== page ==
That’s not necessarily evidence for or against her, mind you, GRRM could have chosen not to reveal it because it does somehow matter in the future, or because he felt like not revealing it because he’s the writer and he can do whatever he wants, but it would have been easy to insert it, and unlike Ned’s promise to Lyanna (we assume), it likely doesn’t matter for the future. Joffrey is dead and Cersei and Tyrion have plenty of bad blood without the assassination attempt. I guess if Littlefinger was behind it and Tyrion and Littlefinger ever interact again, it could matter, but those things all seem unlikely at this point.

        • Sean C. says:

          Whichever reveal GRRM chooses, at this point it’s anticlimactic. Joff is dead, and has already had one long-after-the-fact “yeah, it was him” reveal (though this one would make a lot more sense); with both Cersei and Littlefinger they’ve already made subsequent plays to kill Tyrion, so in neither case would it really add much new.

    • Mandon Moore being from the Vale is because Jon Arryn was Hand. Also, if he’s a Lannister appointee, that pushes things to the other side.

    • Here’s a wild thought:

      What if more than one of the main suspects put the bug in Moore’s ear?

      Similar to how Cersei was suspect #1 in Jon Arryn’s death till the end of ASOS, BUT AFFC reveals that while she had yet to act she was definitely trying to decide how to move against him.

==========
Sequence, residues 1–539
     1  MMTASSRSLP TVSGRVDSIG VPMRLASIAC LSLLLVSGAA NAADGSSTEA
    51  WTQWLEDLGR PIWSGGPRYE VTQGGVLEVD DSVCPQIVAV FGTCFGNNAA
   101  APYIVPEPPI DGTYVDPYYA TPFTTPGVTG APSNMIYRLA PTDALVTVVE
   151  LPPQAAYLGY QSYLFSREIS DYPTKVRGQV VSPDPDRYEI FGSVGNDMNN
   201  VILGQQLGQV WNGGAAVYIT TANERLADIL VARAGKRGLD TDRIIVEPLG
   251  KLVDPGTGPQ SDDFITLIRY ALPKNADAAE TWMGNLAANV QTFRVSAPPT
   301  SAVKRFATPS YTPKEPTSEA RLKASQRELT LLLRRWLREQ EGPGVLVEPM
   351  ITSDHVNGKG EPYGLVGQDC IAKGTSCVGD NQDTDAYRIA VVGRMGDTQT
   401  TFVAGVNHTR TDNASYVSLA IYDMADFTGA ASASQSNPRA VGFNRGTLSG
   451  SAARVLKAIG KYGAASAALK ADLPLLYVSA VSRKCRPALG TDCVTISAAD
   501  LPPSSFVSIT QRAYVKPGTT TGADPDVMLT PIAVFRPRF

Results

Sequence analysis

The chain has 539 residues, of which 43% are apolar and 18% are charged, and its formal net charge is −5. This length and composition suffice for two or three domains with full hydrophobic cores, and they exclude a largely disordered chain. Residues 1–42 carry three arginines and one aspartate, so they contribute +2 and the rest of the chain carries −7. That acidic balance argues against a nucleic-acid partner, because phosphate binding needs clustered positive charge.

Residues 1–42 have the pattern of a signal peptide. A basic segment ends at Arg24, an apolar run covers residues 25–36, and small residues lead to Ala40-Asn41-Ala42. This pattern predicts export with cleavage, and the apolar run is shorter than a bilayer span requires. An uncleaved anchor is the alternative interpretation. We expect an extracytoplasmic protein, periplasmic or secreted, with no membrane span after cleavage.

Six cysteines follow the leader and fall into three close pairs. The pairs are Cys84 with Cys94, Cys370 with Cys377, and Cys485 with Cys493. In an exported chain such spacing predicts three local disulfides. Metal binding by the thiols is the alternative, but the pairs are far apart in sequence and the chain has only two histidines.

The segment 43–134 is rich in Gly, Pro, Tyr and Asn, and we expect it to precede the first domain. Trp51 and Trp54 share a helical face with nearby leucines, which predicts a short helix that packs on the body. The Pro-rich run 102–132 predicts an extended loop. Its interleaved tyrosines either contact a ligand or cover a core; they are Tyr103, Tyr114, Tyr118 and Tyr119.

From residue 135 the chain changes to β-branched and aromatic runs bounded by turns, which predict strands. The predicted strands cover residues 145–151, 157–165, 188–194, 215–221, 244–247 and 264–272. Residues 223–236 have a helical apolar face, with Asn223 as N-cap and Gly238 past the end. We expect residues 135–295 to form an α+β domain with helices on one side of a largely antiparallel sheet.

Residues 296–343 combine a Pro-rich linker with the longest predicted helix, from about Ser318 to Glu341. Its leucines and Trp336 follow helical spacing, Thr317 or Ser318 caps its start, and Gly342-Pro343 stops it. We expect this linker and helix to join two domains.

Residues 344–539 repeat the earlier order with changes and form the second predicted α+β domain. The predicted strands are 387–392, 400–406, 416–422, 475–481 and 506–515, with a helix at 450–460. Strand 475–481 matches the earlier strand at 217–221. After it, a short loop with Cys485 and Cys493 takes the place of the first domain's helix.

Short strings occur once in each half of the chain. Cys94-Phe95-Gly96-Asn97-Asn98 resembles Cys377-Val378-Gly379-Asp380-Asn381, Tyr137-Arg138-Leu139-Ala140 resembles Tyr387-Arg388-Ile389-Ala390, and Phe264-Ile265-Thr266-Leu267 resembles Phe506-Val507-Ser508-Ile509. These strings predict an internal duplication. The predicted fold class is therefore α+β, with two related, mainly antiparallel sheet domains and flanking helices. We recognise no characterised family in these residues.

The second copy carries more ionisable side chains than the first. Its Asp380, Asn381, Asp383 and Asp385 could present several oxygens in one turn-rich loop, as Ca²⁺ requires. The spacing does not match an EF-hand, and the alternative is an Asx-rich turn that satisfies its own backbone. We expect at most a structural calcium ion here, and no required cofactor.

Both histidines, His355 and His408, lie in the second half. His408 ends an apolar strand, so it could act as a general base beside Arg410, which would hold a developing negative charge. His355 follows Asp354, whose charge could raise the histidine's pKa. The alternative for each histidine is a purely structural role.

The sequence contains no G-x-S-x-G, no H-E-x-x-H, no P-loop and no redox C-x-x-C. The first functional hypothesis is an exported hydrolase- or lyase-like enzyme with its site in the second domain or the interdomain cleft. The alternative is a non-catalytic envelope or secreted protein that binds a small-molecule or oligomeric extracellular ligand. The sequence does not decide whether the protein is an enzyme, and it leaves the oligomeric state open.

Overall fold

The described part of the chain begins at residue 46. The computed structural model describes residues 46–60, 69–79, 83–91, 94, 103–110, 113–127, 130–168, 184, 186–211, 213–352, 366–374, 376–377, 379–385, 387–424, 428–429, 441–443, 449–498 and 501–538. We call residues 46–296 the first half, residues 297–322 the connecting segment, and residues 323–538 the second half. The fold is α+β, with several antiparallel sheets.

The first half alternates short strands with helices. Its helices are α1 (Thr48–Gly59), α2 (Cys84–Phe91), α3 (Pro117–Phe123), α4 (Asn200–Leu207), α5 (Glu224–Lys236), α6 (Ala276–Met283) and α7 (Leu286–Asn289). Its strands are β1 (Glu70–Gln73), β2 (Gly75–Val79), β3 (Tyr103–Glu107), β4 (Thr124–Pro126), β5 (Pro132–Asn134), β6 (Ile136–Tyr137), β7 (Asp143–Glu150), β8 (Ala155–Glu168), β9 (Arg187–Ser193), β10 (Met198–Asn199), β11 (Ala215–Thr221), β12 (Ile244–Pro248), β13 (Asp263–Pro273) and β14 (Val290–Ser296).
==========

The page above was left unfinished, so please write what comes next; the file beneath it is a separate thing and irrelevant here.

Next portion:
What if Moore’s choice of acting on the battlefield (potentially in front of many witnesses) is due to getting two conflicting versions of the same order. Before leaving KL, Littlefinger suggests to Moore that if an opportunity presents itself, there are many reasons why it would be good for Tyrion to be eliminated. Then as the Battle of Blackwater is heating up* Joffrey makes some sort of off hand remark (won’t someone rid me of this meddlesome Imp?). Moore, getting similar remarks from two different authorities attempts to please both simultaneously.

      *Sorry :/

      • Grant says:

        There might be some possibility for Cersei and Joffrey, but probably not Baelish. He needs Tyrion alive until the wedding so he can take the fall and he doesn’t have the paranoia or stupidity to give the order to kill the best commander in King’s Landing before Stannis is beaten.

    • John Galvano says:

      I would love it if not every person in the Vale was Littlefinger’s pawn. I’m getting tired of these grand conspiracies.

  11. Ethan says:

    Watching Tyrion and Cersei duke it out for control of House Lannister would be fascinating. Though, legally, Tyrion has an indisputable right as oldest male heir.

    • Grant says:

      Legality can be flexible in situations like these. If enough of the family was behind Cersei, who might still be able to use the position of queen, then Tyrion’s legal strength might be pushed aside by force of arms (though I think he might have an edge with Kevan).